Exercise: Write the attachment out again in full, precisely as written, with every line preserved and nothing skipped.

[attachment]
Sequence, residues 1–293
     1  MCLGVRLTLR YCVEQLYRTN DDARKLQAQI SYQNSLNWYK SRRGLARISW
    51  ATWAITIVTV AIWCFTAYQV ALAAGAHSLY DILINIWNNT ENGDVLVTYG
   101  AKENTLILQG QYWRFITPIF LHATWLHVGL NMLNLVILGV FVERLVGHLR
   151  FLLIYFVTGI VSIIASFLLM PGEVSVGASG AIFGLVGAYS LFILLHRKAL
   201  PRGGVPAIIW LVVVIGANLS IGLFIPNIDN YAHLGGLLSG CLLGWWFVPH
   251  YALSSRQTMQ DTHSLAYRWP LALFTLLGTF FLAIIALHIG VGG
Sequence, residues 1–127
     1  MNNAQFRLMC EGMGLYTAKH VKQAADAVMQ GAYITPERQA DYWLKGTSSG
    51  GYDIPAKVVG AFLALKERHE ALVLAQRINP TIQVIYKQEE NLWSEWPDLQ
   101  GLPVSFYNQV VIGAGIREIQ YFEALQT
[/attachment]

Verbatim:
Sequence, residues 1–293
     1  MCLGVRLTLR YCVEQLYRTN DDARKLQAQI SYQNSLNWYK SRRGLARISW
    51  ATWAITIVTV AIWCFTAYQV ALAAGAHSLY DILINIWNNT ENGDVLVTYG
   101  AKENTLILQG QYWRFITPIF LHATWLHVGL NMLNLVILGV FVERLVGHLR
   151  FLLIYFVTGI VSIIASFLLM PGEVSVGASG AIFGLVGAYS LFILLHRKAL
   201  PRGGVPAIIW LVVVIGANLS IGLFIPNIDN YAHLGGLLSG CLLGWWFVPH
   251  YALSSRQTMQ DTHSLAYRWP LALFTLLGTF FLAIIALHIG VGG
Sequence, residues 1–127
     1  MNNAQFRLMC EGMGLYTAKH VKQAADAVMQ GAYITPERQA DYWLKGTSSG
    51  GYDIPAKVVG AFLALKERHE ALVLAQRINP TIQVIYKQEE NLWSEWPDLQ
   101  GLPVSFYNQV VIGAGIREIQ YFEALQT